As I said earlier. I stopped at Lyons Lake right on the Ontario and Manitoba border to photograph the lake, the trees, and the autumn. This is a photograph of a mountain maple. It is a lovely little spot. The mountain maples of Manitoba are not as spectacular as the red and sugar maples of Ontario, but I like them. It is a more plain Jane maple, so I gussied up this photograph a bit with a double exposure of the same image in the computer. With some adjustments to each photo I like the effects you can get. Reality in art at least, in the eye of the beholder.
In the documentary film Colonization Road I saw about this area, Professor Jeff Denis explained the Doctrine of Discovery this way in the documentary Colonization Road:
in the 15th century papal decrees of the Roman Catholic Church decreed that the first European nations to discover new lands, uninhabited by civilized people, by which they meant Christian people, or people who were not using the lands in an efficient manner as determined by Europeans, that the European nations who discovered those lands would have first dibs and sovereign ownership.
Really this idea was not that dissimilar from Mennonites and other settlers of the land in Canada, who believed indigenous people were not using the land so they could just take it. Plain and simple. To them the notion of land in the natural state, without subjecting it to cultivation as in the case of grasslands, or draining wetlands, was an anathema. It was their duty to change the land and make it useful. It is part of the European attitude that nature is there for humans to dominate. It has Biblical origins and has had powerful effects on the landscape of North America as a result. That doctrine has led to a lot of ecological harm. The indigenous people of Canada had a very different attitude to nature. I intend to blog about it.
Eventually that doctrine of discovery was disavowed to some extent by the Catholic Church, but that did not diminish its profound influence on European colonialism. It has been cited in numerous court cases in North America. Even though it made no sense.
Here is what the doctrine provided with clear references to the fundamentals of Biblical doctrine in Psalm 72:
“He shall have dominion also from sea to sea, and from the river unto the ends of the earth. They that dwell in the wilderness shall bow before him and his enemies shall lick the dust… Yea, all kings shall fall down before him: all nations shall serve him.”
In the documentary, Professor of History Heidi Bohaker said that this doctrine was “the source of full legal title for Canada after Confederation in 1867, the Dominion of Canada. We may have forgotten in the secular age just how predominantly Christian, overwhelmingly Christian, Canada was.”And some parts of that Christianity Canada inherited was downright ugly. There really is no other way to describe it.
For 4 days on this jaunt, from Manitoba to North-west Ontario, I drove through and photographed this land I love—Canada. It struck me that this doctrine was a pretty wobbly foundation for claiming dominion over the country over the objections of people who inhabited the land before the first Europeans arrived. Later King George III in England claimed a large portion of this land for the English crown in 1763 through a Royal Proclamation, (now called “The Royal Proclamation) but admitted indirectly that the rest of this land, basically all the land west of the Mississippi and outside of land already occupied by Europeans in 1763, belonged to indigenous people. He also said no Europeans could acquire title without acquiring it by way of agreement between the first nations involved and the English crown. All people could then only acquire land from the Crown and were forbidden to buy land directly from indigenous people.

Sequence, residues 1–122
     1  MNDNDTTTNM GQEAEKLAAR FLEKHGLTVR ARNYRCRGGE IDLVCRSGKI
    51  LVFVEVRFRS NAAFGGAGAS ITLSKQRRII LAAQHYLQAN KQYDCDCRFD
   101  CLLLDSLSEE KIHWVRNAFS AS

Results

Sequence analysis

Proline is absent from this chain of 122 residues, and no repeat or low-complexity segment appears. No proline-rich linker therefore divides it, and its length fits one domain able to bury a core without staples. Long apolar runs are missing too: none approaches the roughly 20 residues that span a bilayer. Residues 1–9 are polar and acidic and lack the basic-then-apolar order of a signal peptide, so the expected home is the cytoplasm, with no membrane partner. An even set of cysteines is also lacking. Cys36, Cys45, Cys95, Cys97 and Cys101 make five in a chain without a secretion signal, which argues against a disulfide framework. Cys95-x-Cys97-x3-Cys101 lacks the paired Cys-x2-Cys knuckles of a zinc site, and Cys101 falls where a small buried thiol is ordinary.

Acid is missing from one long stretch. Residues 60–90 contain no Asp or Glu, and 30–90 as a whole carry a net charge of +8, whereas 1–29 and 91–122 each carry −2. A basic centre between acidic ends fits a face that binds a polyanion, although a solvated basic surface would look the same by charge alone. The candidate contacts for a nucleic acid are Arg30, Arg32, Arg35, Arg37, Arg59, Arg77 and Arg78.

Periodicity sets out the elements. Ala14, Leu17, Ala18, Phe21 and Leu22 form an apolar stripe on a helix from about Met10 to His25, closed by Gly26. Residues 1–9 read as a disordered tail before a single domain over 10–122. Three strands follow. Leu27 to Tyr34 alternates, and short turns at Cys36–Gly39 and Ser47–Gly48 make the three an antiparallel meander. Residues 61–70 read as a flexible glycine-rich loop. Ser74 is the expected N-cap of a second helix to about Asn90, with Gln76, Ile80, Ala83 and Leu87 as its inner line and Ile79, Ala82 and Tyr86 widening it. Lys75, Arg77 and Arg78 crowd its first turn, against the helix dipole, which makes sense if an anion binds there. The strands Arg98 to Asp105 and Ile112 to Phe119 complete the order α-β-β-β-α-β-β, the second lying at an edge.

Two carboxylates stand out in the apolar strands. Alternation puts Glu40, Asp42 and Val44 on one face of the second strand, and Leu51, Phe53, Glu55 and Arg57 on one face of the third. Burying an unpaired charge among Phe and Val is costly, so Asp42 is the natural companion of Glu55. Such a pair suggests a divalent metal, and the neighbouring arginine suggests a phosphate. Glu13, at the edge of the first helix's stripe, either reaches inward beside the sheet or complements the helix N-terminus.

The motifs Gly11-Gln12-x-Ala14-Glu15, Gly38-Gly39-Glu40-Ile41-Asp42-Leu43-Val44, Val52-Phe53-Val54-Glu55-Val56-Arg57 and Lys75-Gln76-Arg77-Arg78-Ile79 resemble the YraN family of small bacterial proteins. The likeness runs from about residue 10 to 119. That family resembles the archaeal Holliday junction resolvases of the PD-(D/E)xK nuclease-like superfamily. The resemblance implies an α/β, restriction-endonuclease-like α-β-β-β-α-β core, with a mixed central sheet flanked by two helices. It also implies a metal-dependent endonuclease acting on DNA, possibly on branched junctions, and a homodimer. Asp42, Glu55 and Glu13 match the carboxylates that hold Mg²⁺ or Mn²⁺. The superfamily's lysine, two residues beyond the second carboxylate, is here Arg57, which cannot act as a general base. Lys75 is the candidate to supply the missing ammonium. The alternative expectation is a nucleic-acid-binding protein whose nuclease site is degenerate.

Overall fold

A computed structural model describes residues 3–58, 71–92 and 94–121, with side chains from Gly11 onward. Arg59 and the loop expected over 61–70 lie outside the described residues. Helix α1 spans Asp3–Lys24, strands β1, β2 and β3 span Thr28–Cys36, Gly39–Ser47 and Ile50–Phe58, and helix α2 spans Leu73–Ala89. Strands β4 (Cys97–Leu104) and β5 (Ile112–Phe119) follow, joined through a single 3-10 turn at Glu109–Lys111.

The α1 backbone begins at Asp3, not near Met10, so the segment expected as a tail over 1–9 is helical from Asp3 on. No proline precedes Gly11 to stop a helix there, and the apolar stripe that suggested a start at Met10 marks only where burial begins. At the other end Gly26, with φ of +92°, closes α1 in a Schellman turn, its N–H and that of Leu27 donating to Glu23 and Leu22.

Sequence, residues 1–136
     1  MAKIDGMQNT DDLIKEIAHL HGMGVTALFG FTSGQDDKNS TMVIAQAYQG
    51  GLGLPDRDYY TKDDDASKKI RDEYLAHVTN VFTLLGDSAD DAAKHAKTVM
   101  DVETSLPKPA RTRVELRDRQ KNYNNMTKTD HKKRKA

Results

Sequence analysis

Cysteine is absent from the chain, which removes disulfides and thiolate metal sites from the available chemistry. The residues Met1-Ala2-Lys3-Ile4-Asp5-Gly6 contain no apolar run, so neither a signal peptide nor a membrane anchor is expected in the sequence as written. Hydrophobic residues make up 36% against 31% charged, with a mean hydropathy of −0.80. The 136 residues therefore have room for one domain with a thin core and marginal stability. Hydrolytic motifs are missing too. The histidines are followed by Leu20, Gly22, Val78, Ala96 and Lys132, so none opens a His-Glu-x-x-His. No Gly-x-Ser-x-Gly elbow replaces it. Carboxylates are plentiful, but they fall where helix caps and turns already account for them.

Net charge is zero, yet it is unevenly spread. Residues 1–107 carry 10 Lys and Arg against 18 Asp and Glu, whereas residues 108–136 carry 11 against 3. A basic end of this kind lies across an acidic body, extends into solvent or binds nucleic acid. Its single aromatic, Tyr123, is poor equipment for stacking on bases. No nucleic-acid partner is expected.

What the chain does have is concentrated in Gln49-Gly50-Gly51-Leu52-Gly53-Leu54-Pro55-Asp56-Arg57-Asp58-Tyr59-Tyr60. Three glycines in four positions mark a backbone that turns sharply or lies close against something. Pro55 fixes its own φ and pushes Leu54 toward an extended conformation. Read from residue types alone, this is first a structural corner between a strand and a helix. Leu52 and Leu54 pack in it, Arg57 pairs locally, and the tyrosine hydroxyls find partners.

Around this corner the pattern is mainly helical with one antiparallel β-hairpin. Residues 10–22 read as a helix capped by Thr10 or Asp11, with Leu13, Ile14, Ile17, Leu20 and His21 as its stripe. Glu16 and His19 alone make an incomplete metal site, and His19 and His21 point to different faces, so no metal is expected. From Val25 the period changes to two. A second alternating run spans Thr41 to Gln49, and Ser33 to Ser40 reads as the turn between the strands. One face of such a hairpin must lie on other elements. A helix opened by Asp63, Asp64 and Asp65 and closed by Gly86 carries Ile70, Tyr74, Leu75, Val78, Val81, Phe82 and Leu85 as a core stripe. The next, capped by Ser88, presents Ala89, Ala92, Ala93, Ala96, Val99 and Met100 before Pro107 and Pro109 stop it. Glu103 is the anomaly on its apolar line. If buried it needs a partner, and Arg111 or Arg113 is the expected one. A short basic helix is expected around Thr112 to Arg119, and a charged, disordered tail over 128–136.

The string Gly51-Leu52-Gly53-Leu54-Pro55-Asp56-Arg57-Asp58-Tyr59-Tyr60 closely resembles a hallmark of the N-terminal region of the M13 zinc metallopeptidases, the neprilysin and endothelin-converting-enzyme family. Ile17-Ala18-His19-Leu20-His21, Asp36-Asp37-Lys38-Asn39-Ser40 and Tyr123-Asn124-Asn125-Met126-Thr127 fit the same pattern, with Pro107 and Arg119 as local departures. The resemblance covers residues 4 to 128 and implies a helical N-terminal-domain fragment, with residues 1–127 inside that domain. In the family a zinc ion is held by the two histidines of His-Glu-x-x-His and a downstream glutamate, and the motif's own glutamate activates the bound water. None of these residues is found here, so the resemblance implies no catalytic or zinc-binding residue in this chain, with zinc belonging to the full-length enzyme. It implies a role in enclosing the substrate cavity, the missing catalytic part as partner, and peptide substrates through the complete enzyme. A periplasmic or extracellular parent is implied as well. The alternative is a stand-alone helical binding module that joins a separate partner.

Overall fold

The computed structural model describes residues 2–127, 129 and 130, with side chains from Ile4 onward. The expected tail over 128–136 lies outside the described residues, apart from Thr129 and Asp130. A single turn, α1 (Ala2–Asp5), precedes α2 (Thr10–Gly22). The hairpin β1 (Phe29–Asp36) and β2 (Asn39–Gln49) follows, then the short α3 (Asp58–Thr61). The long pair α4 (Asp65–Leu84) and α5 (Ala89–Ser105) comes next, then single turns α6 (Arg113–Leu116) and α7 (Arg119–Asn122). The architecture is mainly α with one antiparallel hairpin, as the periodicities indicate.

It is also a fundamental principle of English law, inherited by the country of Canada when it became an independent country in 1967, that no one could convey better title to land than he or she had. That has been a fundamental principle of Common law for centuries. So what really is the basis for Canada claiming dominion over this wonderful land? I submit the basis is shaky, except to the extent that title was obtained from the people who owned it by voluntary agreement with them. This is thorny stuff.
Yet as Professor Denis said, “That is really at the root of the Canadian legal system, the American legal system, the Australian legal system, any of those former British colonies.” I taught real estate transactions for 10 years at the Law School, and always felt the legal basis of our title at least when not based on treaties was shaky. Surely just taking it was not enough?
The fact is that Canada realized all along that this root of title in Canada on which it was relying was dubious. It was not a sound basis of developing Canada. Canada needed a firmer legal foundation for its society. Canadian government officials saw how the Americans were struggling with this problem too and basically how they decided to base their claims on power. That is how Americans have traditionally operated. Canadians saw how that led to Indian wars in the United States. They saw how at one time that country was spending 25% of its annual revenue on these Indian wars. Canada thought it could not afford to spend so much as its wealthier neighbour to the south could spend. So, Canada sought a better way. They decided to negotiate treaties with indigenous people as a sounder and firmer foundation for title to the land. Frankly, this made a lot of sense, but there were problems with this approach as well.
The land I drove through on this trip was subject to Treaty No. 1 and Treaty No. 3 the first and third treaties negotiated by the new government of Canada.